The Writer

Across from the Waco Public Library at 1801 Austin Avenue stands the historic Cooper House, home of the city’s Cooper Foundation. The house features ornate gables and represents Waco’s quintessential Victorian home. The house was constructed for Madison A. Cooper, Jr., a local businessman, philanthropist, and writer. Cooper wrote the now famous and highly romanticized Sironia, Texas, a 1,700-plus page, two-volume series drenched in scandal and based on Cooper’s own Waco contemporaries.

According to popular legend, Cooper’s spirit still works in his upstairs office – the rotunda – of the old house. The room is exactly as he left it, down to his spectacles, just waiting for the writer to begin his next project. Sometimes, late at night, passersby and workers at the mansion report seeing his office lights turn on, as if he is working late on another piece. The stairs leading to his high office creak randomly, day and night, and other odd noises, such as Cooper’s mumbling voice, occasionally sound from the room. Others claim he sometimes walks the house at night, as though looking for something never to be found.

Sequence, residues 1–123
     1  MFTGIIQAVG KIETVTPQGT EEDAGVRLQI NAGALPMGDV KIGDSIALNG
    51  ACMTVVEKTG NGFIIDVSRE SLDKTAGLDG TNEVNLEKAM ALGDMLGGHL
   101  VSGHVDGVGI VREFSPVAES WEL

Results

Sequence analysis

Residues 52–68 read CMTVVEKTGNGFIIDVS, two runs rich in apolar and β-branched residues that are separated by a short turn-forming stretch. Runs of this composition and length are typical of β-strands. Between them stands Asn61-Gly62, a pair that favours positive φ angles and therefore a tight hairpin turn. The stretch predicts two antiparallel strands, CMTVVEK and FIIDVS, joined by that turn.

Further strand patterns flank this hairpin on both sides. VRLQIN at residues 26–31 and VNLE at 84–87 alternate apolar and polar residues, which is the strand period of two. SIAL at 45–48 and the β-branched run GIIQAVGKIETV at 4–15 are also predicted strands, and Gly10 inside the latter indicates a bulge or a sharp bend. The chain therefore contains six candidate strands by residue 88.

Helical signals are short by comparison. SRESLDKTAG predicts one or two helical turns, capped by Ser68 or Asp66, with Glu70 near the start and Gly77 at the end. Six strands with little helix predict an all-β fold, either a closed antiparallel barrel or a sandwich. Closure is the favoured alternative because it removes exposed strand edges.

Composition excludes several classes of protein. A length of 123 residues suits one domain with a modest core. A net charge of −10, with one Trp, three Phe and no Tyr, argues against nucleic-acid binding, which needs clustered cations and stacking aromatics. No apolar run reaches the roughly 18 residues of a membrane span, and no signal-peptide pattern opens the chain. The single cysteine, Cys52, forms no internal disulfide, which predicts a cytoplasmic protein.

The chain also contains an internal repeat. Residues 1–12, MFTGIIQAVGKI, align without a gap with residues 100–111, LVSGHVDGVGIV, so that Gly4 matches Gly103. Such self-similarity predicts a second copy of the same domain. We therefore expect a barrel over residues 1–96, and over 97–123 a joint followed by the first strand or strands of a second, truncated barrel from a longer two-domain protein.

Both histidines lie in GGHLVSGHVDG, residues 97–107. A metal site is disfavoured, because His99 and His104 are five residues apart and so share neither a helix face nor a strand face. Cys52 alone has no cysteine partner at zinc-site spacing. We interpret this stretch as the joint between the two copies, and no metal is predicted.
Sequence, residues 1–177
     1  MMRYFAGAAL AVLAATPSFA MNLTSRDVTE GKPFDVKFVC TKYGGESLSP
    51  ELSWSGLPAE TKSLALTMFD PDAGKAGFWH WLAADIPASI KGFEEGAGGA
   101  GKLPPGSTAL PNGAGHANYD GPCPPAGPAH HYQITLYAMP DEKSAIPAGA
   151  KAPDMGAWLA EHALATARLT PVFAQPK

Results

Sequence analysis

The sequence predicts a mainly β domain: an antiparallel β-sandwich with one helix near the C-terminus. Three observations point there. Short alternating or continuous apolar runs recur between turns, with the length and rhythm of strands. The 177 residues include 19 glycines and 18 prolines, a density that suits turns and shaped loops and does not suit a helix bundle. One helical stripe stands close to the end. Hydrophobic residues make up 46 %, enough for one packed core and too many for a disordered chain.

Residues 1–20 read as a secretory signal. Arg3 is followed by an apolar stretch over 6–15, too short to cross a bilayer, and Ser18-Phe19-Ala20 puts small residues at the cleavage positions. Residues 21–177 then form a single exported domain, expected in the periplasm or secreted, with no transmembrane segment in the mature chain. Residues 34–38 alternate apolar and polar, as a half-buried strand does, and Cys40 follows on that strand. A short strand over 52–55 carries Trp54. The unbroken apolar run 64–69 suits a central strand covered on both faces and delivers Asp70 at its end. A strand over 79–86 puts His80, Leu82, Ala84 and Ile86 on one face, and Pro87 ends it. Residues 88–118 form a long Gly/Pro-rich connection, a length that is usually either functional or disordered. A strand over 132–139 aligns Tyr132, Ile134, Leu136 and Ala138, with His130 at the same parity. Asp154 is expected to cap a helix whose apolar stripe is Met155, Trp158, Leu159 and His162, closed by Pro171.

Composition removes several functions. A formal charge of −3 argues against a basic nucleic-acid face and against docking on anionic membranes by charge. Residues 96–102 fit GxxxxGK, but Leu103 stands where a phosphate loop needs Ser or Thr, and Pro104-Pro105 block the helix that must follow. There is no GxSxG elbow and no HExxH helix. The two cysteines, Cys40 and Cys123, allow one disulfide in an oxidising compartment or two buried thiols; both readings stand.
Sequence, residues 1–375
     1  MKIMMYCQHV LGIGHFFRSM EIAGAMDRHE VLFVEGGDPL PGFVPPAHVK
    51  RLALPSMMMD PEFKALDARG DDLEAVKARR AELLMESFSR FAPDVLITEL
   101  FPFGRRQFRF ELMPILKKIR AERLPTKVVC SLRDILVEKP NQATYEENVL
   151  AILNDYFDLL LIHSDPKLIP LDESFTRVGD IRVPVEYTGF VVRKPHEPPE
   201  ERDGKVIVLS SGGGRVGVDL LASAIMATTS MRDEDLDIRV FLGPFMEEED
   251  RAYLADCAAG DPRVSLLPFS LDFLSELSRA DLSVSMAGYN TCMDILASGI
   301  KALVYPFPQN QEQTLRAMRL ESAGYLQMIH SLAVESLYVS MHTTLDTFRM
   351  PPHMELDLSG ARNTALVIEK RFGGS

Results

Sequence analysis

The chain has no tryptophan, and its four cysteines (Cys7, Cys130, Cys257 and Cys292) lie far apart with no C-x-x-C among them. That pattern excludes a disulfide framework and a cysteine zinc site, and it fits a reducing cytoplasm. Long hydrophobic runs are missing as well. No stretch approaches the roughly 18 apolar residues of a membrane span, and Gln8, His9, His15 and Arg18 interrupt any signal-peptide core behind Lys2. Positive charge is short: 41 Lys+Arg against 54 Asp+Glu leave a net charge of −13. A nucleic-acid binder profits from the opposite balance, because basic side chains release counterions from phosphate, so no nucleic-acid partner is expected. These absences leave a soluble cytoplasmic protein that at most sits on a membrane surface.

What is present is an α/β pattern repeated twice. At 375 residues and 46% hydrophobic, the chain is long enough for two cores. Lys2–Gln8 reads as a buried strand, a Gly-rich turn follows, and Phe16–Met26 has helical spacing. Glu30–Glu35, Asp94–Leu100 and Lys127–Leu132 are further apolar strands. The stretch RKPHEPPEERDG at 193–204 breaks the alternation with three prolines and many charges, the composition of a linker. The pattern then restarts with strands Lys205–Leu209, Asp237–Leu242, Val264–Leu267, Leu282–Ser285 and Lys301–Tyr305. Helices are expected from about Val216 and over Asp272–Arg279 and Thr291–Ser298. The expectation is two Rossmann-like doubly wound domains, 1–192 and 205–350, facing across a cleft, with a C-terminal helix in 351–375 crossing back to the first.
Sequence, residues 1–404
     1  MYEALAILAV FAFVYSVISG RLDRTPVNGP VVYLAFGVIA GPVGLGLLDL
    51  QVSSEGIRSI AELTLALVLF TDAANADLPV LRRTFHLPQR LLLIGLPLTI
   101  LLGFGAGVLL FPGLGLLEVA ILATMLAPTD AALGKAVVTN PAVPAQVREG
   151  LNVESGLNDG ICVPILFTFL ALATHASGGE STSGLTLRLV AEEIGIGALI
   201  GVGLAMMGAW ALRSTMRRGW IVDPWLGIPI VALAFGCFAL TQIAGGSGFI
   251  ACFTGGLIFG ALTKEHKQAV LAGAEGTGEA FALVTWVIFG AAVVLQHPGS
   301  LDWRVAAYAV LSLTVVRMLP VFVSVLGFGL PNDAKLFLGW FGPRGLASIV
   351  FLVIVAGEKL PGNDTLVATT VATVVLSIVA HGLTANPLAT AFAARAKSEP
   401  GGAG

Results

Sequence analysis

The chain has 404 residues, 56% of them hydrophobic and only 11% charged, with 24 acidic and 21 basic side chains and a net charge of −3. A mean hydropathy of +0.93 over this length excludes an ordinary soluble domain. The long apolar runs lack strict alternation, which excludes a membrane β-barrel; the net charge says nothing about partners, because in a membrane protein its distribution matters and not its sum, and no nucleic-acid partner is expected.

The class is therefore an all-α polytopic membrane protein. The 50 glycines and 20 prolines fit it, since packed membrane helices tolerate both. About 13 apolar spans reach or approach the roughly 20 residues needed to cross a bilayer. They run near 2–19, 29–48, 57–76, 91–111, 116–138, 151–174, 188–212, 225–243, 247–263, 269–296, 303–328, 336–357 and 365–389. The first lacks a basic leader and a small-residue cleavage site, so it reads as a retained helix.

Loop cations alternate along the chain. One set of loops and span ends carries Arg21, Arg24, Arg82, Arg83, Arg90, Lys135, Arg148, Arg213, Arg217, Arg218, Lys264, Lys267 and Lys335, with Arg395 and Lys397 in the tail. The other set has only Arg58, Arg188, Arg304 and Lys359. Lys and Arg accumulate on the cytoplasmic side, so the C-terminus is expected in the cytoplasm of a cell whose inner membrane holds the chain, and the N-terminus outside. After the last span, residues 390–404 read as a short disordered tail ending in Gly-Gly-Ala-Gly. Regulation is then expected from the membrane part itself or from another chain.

The legends and folktales in Cotton Bales, Goatmen & Witches: Legends from the Heart of Texas, compiled by Bradley T. Turner and accompanied by photographs from Mark Burdine, bring to life the whispered stories and forgotten secrets that illuminate the darkest recesses of the Texas psyche from the distant past to the present day.

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